There is only one kind of investor buys Visa or Mastercard, a dividend growth investor.
|Investment Strategy||Yield||LT Consensus Growth||LT Consensus Total Return Potential||Long-Term Risk-Adjusted Expected Return|
|ZEUS Income Growth||4.1%||8.5%||12.6%||8.8%|
|Schwab US Dividend Equity ETF||3.4%||8.6%||12.0%||8.4%|
|Vanguard Dividend Appreciation ETF||1.9%||10.0%||11.9%||8.3%|
|60/40 Retirement Portfolio||2.1%||5.1%||7.2%||5.0%|
(Source: DK Research Terminal, FactSet, Morningstar)
Both Visa and Mastercard are expected to run circles around almost any investment strategy on Wall Street, including the S&P, dividend aristocrats, and the Nasdaq.
|Time Frame (Years)||7.9% CAGR Inflation-Adjusted S&P 500 Consensus||14.4% Inflation-Adjusted V Consensus||20.5% CAGR Inflation-Adjusted MA Consensus||Difference Between Inflation-Adjusted MA Consensus And S&P Consensus|
(Source: DK Research Terminal, FactSet)
If both companies grow as expected for the next 20 years, V could 15X your money, adjusted for inflation, while MA could be a 42X return.
|Time Frame (Years)||Ratio Inflation-Adjusted MA Consensus/VA Consensus||Ratio Inflation-Adjusted MA Consensus vs. S&P consensus|
(Source: DK Research Terminal, FactSet)
MA offers the potential for 3X the long-term returns of V and 9X that of the S&P 500.
Let me be clear: I'm NOT calling the bottom in MA or V (I'm not a market-timer).
Ultra SWAN quality does NOT mean "can't fall hard and fast in a bear market."
Fundamentals are all that determine safety and quality, and my recommendations.
While I can't predict the market in the short term, here's what I can tell you about MA and V.
These are arguably the best businesses in the world. They are toll-booth operators for international commerce, with 21% of global GDP running through their networks.
Decades of brand-building and trust among both consumers and financial institutions create moats so wide that Morningstar calls them "unassailable."
While no moat is truly impervious, these A and AA-rated fintech titans have 82nd and 84th-percentile risk management and mountains of cash to deal with any challenges that might come up.
They generate rivers of free cash flow which they use to cement their moats and shower investors with buybacks and very safe, hyper-growth dividends.
Owning both is as close to a "no-brainer" decision as you can make in a diversified dividend growth portfolio.
Today Visa is about 17% undervalued, and Mastercard is about 7% undervalued. Visa is technically the better buy.
But if I had to buy just one, and indeed I only own one of them in my family hedge fund, it would be Mastercard.
Mastercard is smaller, growing 6% faster, and as its economies of scale ramp up, its margins should approach those of Visa.
That's because Mastercard's superior growth should result in its returns surpassing those of Visa within five years, and long-term, it has 3X the return potential of its larger competitor.
In other words, Mastercard is like Lowe's (LOW), and Visa is like Home Depot (HD). Both are amazing industry titans worth owning, but I recommend Mastercard when it comes to very low-risk Ultra SWAN hyper-growth.
Dividend Kings helps you determine the best safe dividend stocks to buy via our Automated Investment Decision Tool, Zen Research Terminal, Correction Planning Tool, and Daily Blue-Chip Deal Videos.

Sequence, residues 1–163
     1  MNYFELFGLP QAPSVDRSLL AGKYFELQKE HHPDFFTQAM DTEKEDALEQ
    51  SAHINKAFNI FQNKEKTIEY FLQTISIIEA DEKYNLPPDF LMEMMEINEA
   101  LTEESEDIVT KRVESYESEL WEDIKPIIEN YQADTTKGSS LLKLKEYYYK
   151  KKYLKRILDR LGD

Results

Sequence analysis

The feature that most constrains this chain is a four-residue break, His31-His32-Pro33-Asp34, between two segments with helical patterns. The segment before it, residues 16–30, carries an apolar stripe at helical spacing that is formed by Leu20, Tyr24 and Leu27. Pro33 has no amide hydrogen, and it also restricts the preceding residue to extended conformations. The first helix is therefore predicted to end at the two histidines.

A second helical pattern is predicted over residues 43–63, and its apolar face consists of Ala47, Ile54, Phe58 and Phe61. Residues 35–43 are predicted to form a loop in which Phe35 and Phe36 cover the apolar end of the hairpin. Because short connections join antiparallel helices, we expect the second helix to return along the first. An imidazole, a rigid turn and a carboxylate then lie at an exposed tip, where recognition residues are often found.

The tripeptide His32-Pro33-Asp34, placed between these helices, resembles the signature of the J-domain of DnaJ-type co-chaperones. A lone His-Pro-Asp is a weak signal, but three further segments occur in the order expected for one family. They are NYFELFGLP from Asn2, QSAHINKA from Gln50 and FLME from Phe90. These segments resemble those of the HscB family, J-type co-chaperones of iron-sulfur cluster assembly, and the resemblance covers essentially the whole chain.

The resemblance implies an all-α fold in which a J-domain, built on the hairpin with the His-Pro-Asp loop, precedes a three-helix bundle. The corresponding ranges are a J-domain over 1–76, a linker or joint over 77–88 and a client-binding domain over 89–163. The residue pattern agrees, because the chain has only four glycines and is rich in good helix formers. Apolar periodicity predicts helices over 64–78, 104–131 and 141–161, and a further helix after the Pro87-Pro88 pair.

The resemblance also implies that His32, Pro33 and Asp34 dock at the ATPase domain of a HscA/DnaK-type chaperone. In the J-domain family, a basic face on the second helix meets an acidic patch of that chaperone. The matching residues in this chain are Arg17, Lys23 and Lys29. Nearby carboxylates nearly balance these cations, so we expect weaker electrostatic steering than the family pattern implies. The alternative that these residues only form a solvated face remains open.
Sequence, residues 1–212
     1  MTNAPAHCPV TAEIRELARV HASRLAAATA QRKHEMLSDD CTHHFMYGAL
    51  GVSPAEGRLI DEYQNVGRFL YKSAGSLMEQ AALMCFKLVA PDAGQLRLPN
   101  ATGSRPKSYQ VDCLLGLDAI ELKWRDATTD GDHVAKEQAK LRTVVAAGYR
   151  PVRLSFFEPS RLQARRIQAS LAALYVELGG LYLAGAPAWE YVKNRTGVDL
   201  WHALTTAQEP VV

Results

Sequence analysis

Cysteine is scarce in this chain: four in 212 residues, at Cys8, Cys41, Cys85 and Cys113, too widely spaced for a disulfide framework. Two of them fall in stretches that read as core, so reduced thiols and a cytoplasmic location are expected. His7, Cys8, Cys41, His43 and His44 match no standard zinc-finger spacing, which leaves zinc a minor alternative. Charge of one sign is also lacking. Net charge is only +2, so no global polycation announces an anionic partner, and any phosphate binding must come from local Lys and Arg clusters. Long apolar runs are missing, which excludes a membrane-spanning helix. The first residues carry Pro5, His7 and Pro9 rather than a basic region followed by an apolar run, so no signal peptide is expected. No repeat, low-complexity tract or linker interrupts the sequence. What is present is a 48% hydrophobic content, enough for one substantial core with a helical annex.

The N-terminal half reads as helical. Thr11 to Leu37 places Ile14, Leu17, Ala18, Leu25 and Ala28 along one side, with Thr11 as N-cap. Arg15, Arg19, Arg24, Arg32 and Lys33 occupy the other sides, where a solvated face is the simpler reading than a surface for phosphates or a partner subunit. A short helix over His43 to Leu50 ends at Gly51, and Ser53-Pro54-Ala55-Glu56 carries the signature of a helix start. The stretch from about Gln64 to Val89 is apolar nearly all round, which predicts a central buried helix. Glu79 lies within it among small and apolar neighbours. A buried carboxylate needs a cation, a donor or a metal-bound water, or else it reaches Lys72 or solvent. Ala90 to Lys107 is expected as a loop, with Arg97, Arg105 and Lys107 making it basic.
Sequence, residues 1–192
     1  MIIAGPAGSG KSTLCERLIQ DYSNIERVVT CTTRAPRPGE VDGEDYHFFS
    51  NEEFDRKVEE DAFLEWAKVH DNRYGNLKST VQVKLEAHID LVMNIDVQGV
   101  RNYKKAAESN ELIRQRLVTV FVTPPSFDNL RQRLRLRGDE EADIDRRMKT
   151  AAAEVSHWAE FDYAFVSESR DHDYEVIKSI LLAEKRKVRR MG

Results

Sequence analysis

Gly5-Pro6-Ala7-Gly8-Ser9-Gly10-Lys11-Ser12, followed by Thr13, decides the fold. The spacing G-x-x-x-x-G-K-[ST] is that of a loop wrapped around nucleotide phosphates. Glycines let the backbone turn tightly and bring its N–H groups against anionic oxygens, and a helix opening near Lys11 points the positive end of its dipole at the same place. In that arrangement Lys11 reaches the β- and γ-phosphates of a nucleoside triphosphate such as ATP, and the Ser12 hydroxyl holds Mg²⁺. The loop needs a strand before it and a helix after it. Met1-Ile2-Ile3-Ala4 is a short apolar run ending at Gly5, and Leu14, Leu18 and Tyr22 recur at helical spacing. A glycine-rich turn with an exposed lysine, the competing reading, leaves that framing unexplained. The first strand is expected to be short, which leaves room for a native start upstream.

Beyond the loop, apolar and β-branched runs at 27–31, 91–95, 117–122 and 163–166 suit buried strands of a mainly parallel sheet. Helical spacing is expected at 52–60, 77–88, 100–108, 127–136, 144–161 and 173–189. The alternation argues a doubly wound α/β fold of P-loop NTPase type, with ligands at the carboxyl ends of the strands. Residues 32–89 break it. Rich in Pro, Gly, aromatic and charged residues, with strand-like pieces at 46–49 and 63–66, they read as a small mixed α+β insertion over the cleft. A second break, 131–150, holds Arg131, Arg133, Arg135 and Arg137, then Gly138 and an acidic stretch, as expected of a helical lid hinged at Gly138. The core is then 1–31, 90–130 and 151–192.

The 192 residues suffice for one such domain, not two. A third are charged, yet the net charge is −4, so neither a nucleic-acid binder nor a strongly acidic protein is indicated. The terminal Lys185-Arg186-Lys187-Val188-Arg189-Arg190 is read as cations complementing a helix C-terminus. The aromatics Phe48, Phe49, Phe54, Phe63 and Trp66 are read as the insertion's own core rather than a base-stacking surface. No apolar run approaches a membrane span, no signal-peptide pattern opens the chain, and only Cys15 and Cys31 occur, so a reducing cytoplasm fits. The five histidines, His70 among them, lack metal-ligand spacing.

Membership also includes
Access to our 10 model portfolios (all of which are beating the market in this correction)
my correction watchlist
50% discount to iREIT (our REIT-focused sister service)
real-time chatroom support
real-time email notifications of all my retirement portfolio buys
numerous valuable investing tools
Click here for a two-week free trial, so we can help you achieve better long-term total returns and your financial dreams.
This article was written by
Adam Galas is a co-founder of Wide Moat Research ("WMR"), a subscription-based publisher of financial information, serving over 5,000 investors around the world. WMR has a team of experienced multi-disciplined analysts covering all dividend categories, including REITs, MLPs, BDCs, and traditional C-Corps.
The WMR brands include: (1) The Intelligent REIT Investor (newsletter), (2) The Intelligent Dividend Investor (newsletter), (3) iREIT on Alpha (Seeking Alpha), and (4) The Dividend Kings (Seeking Alpha).
I'm a proud Army veteran and have seven years of experience as an analyst/investment writer for Dividend Kings, iREIT, The Intelligent Dividend Investor, The Motley Fool, Simply Safe Dividends, Seeking Alpha, and the Adam Mesh Trading Group. I'm proud to be one of the founders of The Dividend Kings, joining forces with Brad Thomas, Chuck Carnevale, and other leading income writers to offer the best premium service on Seeking Alpha's Market Place.
My goal is to help all people learn how to harness the awesome power of dividend growth investing to achieve their financial dreams and enrich their lives.
With 24 years of investing experience, I've learned what works and more importantly, what doesn't, when it comes to building long-term wealth and safe and dependable income streams in all economic and market conditions.
Disclosure: I/we have a beneficial long position in the shares of MA either through stock ownership, options, or other derivatives. I wrote this article myself, and it expresses my own opinions. I am not receiving compensation for it (other than from Seeking Alpha). I have no business relationship with any company whose stock is mentioned in this article.
Additional disclosure: DK owns MA and V in our portfolios.